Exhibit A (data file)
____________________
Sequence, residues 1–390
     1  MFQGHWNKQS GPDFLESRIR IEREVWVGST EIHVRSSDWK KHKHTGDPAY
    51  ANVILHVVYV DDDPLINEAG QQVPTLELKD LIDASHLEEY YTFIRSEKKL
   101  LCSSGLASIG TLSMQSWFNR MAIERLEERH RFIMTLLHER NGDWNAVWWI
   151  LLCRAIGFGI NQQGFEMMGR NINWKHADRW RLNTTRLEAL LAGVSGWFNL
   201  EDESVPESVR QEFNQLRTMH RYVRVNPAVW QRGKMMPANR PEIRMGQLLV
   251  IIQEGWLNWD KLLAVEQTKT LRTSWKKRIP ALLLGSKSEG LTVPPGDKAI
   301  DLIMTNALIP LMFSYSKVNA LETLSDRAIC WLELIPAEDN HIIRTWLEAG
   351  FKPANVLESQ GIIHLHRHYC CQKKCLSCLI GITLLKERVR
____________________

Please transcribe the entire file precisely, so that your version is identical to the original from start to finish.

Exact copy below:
Sequence, residues 1–390
     1  MFQGHWNKQS GPDFLESRIR IEREVWVGST EIHVRSSDWK KHKHTGDPAY
    51  ANVILHVVYV DDDPLINEAG QQVPTLELKD LIDASHLEEY YTFIRSEKKL
   101  LCSSGLASIG TLSMQSWFNR MAIERLEERH RFIMTLLHER NGDWNAVWWI
   151  LLCRAIGFGI NQQGFEMMGR NINWKHADRW RLNTTRLEAL LAGVSGWFNL
   201  EDESVPESVR QEFNQLRTMH RYVRVNPAVW QRGKMMPANR PEIRMGQLLV
   251  IIQEGWLNWD KLLAVEQTKT LRTSWKKRIP ALLLGSKSEG LTVPPGDKAI
   301  DLIMTNALIP LMFSYSKVNA LETLSDRAIC WLELIPAEDN HIIRTWLEAG
   351  FKPANVLESQ GIIHLHRHYC CQKKCLSCLI GITLLKERVR